Jenny, the surrogate, gave up everything to live her dream

Jenny, the surrogate, gave up everything to live her dream

Ten years ago, you would have seen this lively thirty-one of the most popular restaurants in Angolam. From now on, you will have to travel to the other side of the planet to meet Jenny and her little nomadic family on Australian roads.

Love stories end well … sometimes. One thing we are going to tell you is that it started in Angola about ten years ago. Jenny Bob then serves at popular tables in downtown. But now, in his thirties, the young employee has a desire not to expand his horizons in Sorrento. So of course La Rochelle or Ryan Beach is less than two hours away, but Jenny can see more. Until you go, she told herself, you can target antibodies too.

I went backpacking for a year with a friend and I fell in love with the country. I am 29 years old. At the time, in Australia, the “working holiday visa” was up to the age of 30, so it was a home extension that could go there. But really, I only did a three month road trip because I decided to stay there and I settled in Byron Bay. I said I was going to secure my future there and then I would go back on the road and finish my Australian tour.

Jenny Bobbin, Globrotter

“We really move according to our desires”

Byron Bay is a browser paradise for old Mecca packing hippies and today, a tourist destination on the east coast near the Pacific Highway. It didn’t take long for Jenny to get odd jobs in hotels, a French restaurant or holiday villages. She will eventually set up her own business, in Byron Bay, where we will be back, and she will find … love.

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Love name is Nathan, he is Australian, three years ago, little Louis was born from this love. So, the story may have ended in pure traditions with a happy ending like “They lived happily …”. But Jenny, even looking upside down from Sarande, has not lost the North, and after all, she has not forgotten why she got there ten years ago. With the bag, it’s time to hit the roads again. It is March 19, 2019.

We sold everything to equip ourselves and invest in a good 4×4 and camping trailer. We have a minimal life compared to what we had before, but we are much happier. Our baby has a new playground every week or every month. We really move according to our desires. We like, we stay, we don’t like, we leave. If we really want to, we settle down to do a little work.

Jenny Bobbin, Globrotter

“I told myself life was too short”

And 50,000 kilometers away, we reached Jenny by phone just off the west coast. To get more signal she climbed on a small rock ad. The small family is currently in the small town of Esperance. Before that, it was necessary to cross the endless semi-desert plains of Nularbor. You can follow this journey in the Family Life Wheels log book, Facebook Or Instagram. Beware, in our gray European winter, abusing photos of cheerful barbecues on crystal clear seas, fiery sunsets and white sands can irritate some. But we are well aware of the life choice of our homozygous.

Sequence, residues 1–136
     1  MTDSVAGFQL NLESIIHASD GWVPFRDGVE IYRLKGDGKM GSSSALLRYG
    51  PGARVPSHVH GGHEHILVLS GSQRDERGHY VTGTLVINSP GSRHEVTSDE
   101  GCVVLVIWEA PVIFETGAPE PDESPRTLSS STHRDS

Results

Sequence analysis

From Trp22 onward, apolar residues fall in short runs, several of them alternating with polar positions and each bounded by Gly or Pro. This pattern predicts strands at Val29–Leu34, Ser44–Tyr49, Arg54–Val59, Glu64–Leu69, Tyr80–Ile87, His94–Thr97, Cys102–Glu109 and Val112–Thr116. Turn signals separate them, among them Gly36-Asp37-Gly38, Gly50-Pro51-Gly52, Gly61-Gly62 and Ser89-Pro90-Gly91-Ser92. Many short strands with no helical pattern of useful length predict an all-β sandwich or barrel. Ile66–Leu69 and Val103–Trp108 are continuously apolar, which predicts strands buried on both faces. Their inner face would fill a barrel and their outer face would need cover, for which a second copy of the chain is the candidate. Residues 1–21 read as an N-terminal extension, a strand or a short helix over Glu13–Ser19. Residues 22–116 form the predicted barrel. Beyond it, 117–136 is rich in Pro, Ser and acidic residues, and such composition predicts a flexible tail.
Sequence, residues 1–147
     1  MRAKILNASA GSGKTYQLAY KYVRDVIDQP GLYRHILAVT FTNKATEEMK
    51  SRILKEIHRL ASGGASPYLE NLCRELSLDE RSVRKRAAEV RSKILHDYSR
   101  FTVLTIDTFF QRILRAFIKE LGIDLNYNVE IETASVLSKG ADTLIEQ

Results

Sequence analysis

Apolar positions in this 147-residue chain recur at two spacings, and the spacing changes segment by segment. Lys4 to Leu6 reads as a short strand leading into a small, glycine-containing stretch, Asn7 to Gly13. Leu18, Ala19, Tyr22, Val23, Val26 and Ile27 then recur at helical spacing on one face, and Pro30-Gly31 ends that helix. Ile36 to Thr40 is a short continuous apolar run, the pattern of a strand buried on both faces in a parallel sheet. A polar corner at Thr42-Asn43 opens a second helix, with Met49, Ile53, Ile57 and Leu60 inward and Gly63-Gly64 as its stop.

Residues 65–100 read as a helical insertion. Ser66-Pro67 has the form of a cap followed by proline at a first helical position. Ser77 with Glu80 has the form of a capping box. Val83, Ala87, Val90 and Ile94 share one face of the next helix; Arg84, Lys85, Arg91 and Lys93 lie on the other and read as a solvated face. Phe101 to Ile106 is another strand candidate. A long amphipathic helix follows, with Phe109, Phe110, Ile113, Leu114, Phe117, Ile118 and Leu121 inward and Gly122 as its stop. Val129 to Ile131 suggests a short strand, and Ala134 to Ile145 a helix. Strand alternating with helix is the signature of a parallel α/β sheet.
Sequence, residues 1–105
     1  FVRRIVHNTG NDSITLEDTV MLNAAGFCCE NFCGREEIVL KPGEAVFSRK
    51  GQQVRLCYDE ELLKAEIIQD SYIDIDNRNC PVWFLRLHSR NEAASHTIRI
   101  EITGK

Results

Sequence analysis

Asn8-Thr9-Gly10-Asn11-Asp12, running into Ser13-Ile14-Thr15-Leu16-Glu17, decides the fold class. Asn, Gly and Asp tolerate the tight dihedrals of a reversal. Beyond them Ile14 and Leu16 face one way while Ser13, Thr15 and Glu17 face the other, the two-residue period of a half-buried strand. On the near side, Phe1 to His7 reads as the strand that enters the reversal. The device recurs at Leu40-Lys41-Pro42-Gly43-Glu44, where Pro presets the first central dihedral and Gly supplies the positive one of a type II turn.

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Here, we talk about “gray nomads”, gray nomads, retirees who usually run around. But, I lost many friends and family before I was 50, told that life was too short and I didn’t want to wait until I retired. I still had a good business with a dozen employees, but I wanted to change. In fact, there are more families like us in Australia today. Especially with Govt, it made a lot of people understand a lot of things, and I get a lot of news from family.

Jenny Bobbin, Globrotter

“We don’t need a lot of money”

In Australia, schooling begins at the age of six. For now, Louie is shamelessly enjoying his young wandering life. “We meet a lot of kids on the road. As soon as we settle down, Louie goes all out. He’s super friendly and we meet a lot of people who thank him,” says his mother. For the rest, life’s possibilities determine the agenda and continuity of the adventure.

We always ask people if they have a job, a career, a home, but never if they are happy. So from the business owners (editor note), we went to the nomads. Absolutely the opposite. We certainly set aside some money, but we usually stop working for one or three months depending on the opportunities offered to us on the road. Usually one of us takes care of Louie is our turn, except when we work together in the company. For example, we worked in a gin distillery and they didn’t care if it was Nathan or Nana. There, Nathan worked in a seafood factory and was also the manager of a supermarket. For me, I have done extra cleaning at camps or events. We don’t really need a lot of money.

Jenny Bobbin, Globrotter

The health crisis compels, and this summer (ours) the family in Wheels was unable to board the plane to visit the family in Angola. So the caravan continued on its way, which was not going to stop. “No limits! We want to go to New Zealand, and then why, Europe with vintage motorhomes!” So Sarande will have to wait to see Gereni nomads again. Apparently, she was in no hurry.

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Cory Weinberg

About the Author: Cory Weinberg

Cory Weinberg covers the intersection of tech and cities. That means digging into how startups and big tech companies are trying to reshape real estate, transportation, urban planning, and travel. Previously, he reported on Bay Area housing and commercial real estate for the San Francisco Business Times. He received a "best young journalist" award from the National Association of Real Estate Editors.

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